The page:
Manufacture of Polychlorinated Biphenyls (PCBs) was banned in the United States in 1979 due to concerns about the toxicity of these chemicals. However, until that time they were incorporated in a wide range of products and materials, much of which is still in use across the country. Ongoing concerns regarding PCBs, including their persistence in the environment, have resulted in extensive regulation.
Avista manages PCBs and mineral oil that contains low levels of PCBs in a manner that meets or exceeds the federal Toxic Substances Control Act (TSCA) and Washington State’s stringent regulations. Our goal is to minimize risk associated with PCBs, to avoid spills or releases, and to clean up any releases to levels of non-detection.
The vast majority of the equipment in service at Avista is non-PCB. The first wave of removal efforts, following TSCA, focused on “PCB equipment” containing 500 ppm or greater of PCBs. This type of equipment, as identified, was removed and properly disposed of during the 1980s. Rarely, through testing, we discover PCB equipment in service, and it is scheduled for removal.
We have also implemented an accelerated effort to remove PCBs from our system in several ways. As equipment is replaced during system upgrades or expansions, equipment containing any level of PCBs is retired rather than retro filled. There are rare exceptions to this approach for unique equipment that we must maintain as backup; such equipment is appropriately stored.
We have implemented a sampling/testing program to determine whether some older equipment contains PCBs, where information was unavailable from the original manufacturer. As equipment is discovered to contain PCBs, immediate removal is scheduled for any items with 500 ppm or more; typically, removal is also planned for equipment containing 50 ppm or more PCBs as a precautionary measure. In addition, Avista implements targeted removal, through a process termed Serial Number Sequencing. In that effort, as testing reveals the presence of PCBs, we target for removal any other equipment that was manufactured and shipped with the tested item. In these efforts, Avista is committed to managing PCBs in a manner that protects our environment and meets or exceeds all regulatory requirements, and that will lead to the elimination of PCBs from our system.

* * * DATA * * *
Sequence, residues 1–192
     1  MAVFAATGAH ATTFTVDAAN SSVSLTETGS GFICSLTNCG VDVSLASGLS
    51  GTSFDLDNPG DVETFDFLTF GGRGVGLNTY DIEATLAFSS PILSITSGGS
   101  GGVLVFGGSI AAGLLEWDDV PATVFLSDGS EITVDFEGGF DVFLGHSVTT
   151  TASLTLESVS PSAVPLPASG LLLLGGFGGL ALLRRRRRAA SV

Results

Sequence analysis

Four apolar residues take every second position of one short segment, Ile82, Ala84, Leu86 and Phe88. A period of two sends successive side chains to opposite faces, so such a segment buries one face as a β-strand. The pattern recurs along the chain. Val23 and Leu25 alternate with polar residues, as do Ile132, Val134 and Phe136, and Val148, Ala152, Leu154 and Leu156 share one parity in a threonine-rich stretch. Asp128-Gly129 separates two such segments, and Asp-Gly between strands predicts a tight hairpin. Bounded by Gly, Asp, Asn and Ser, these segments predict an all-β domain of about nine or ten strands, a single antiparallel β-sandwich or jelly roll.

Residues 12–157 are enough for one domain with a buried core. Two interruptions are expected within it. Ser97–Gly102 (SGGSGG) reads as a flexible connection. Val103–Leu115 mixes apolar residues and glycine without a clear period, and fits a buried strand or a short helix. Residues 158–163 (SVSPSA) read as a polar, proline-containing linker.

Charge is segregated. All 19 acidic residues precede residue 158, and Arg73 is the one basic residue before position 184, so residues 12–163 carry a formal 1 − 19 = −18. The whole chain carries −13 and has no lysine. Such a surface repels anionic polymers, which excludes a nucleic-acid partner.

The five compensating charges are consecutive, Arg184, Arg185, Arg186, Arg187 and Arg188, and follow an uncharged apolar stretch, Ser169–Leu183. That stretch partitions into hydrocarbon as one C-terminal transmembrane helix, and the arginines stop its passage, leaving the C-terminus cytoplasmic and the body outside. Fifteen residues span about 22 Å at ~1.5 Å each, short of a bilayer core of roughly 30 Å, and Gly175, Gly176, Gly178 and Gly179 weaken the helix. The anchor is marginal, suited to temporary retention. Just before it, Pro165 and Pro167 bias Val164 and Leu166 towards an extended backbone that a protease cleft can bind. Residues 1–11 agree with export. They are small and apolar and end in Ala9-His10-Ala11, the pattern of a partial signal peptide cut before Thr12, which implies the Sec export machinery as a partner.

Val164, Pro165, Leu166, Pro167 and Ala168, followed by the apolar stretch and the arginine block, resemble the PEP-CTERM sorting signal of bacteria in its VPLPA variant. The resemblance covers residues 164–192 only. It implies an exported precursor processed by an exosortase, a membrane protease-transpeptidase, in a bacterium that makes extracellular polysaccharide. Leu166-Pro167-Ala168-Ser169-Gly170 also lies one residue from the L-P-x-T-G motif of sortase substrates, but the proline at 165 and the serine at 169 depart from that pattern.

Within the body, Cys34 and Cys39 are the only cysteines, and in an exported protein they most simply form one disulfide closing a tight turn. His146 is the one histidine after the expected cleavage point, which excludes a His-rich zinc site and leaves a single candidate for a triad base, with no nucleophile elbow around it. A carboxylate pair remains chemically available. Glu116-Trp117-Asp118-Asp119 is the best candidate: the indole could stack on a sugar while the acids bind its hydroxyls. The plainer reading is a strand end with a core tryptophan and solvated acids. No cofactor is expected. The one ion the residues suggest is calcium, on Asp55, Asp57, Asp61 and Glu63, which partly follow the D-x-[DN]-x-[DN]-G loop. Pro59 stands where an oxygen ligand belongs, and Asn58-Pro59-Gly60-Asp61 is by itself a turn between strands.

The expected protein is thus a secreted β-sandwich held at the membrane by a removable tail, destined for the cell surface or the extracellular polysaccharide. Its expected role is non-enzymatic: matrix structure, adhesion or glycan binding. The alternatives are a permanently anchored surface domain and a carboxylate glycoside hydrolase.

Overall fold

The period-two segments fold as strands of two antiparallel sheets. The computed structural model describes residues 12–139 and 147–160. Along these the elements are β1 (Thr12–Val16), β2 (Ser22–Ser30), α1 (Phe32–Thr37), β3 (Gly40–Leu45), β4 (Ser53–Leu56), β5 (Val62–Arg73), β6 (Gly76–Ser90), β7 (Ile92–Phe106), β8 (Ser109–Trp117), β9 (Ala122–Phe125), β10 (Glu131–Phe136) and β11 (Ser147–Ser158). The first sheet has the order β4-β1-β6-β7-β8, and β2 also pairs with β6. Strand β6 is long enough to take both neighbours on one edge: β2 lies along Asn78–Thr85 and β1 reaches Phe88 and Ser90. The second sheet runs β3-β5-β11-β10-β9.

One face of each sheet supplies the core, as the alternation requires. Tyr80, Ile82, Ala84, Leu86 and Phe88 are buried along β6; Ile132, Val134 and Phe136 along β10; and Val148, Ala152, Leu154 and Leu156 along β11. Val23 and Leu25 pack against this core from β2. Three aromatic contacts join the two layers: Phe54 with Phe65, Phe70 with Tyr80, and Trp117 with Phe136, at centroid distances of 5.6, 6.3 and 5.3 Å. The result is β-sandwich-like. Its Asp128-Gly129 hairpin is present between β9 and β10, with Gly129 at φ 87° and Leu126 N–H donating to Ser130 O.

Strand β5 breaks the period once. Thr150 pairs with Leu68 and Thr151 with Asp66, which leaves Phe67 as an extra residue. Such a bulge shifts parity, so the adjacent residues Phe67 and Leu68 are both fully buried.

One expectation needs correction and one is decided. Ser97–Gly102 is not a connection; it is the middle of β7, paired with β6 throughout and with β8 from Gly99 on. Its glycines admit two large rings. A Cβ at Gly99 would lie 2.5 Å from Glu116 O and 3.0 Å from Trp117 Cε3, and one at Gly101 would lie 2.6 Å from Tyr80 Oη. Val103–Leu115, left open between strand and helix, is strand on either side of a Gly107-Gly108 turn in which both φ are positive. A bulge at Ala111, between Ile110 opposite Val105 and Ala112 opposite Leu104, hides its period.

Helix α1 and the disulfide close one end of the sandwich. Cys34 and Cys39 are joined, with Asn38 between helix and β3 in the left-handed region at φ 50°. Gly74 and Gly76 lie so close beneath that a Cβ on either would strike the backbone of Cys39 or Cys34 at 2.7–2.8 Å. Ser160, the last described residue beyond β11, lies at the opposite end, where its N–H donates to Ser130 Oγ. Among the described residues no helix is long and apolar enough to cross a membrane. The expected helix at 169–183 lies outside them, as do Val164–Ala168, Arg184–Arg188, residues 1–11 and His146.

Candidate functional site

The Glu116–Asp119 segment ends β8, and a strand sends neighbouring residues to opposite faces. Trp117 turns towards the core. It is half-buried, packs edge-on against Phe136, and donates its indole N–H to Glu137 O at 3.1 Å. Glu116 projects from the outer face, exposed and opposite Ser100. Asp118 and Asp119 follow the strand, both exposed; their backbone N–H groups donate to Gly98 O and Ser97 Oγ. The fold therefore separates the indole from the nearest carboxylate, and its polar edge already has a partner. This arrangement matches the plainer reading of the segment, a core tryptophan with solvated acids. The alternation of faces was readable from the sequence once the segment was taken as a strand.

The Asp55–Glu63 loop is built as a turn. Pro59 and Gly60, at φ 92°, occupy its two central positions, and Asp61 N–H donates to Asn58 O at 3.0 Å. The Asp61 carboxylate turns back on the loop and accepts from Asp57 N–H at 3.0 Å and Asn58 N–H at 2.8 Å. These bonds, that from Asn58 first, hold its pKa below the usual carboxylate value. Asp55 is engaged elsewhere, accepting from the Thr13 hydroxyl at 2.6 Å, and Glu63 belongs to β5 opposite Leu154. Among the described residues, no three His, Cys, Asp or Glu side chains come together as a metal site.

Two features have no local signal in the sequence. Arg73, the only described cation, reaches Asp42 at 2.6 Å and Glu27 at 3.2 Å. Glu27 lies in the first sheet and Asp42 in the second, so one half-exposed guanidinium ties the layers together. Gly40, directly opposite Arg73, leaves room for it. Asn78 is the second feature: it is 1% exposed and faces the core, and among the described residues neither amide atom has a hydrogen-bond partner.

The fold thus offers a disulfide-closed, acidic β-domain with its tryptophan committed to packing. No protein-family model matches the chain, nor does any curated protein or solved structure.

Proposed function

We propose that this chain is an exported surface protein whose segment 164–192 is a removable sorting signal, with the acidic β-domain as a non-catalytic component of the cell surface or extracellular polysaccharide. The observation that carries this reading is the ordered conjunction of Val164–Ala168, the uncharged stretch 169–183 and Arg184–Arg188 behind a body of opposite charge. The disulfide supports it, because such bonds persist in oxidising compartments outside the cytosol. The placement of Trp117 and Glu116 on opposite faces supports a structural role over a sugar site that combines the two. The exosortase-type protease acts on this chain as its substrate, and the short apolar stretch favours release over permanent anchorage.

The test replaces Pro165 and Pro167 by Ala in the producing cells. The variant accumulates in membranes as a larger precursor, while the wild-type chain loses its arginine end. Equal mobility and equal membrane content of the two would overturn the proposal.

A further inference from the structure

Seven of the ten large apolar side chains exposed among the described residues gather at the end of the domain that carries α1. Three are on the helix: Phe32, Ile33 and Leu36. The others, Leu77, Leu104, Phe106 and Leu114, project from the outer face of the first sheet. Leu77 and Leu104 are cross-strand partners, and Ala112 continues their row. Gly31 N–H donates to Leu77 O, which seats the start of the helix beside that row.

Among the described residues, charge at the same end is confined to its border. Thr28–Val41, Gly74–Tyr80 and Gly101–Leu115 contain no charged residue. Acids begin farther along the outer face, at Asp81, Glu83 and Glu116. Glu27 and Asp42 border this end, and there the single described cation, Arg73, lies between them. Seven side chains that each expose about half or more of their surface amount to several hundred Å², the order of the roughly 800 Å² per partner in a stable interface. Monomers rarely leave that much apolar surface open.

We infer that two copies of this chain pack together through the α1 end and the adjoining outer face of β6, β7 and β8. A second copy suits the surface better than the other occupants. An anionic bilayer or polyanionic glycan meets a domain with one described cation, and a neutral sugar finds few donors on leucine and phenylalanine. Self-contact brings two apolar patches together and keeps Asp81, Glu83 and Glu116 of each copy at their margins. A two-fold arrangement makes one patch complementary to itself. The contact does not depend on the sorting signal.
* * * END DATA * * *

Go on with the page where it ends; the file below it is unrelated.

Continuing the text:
“RCRA waste” represents hazardous waste as defined in the Resource Conservation and Recovery Act. Avista looks for ways to reduce generation of hazardous waste and manage waste streams. The largest single source of hazardous waste is represented by aerosol cans, which are collected from throughout the company, and if determined to be not completely empty, treated as hazardous waste. We manage all RCRA wastes in accordance with state and federal regulations. This includes, as appropriate, treatment or disposal at permitted landfill or incineration facilities.
“Non-RCRA” wastes include waste streams that are not deemed “hazardous,” but which we manage as special wastes. These include waste oils, greases, antifreeze, and a range of miscellaneous wastes that can be recycled, blended into fuels, or responsibly disposed of. These are managed and disposed of in accordance to state and federal regulations.
“Universal wastes” include specific waste streams designated by federal and state law that are excluded from being treated as “hazardous” if they are managed according to specific standards. These include items such as fluorescent light bulbs. We manage all universal wastes in accordance with these standards.
In 2009, the most recently reported year, we disposed of 103.4 Kg of PCB wastes managed in accordance with the Toxics Substance Control Act (TSCA) via incineration.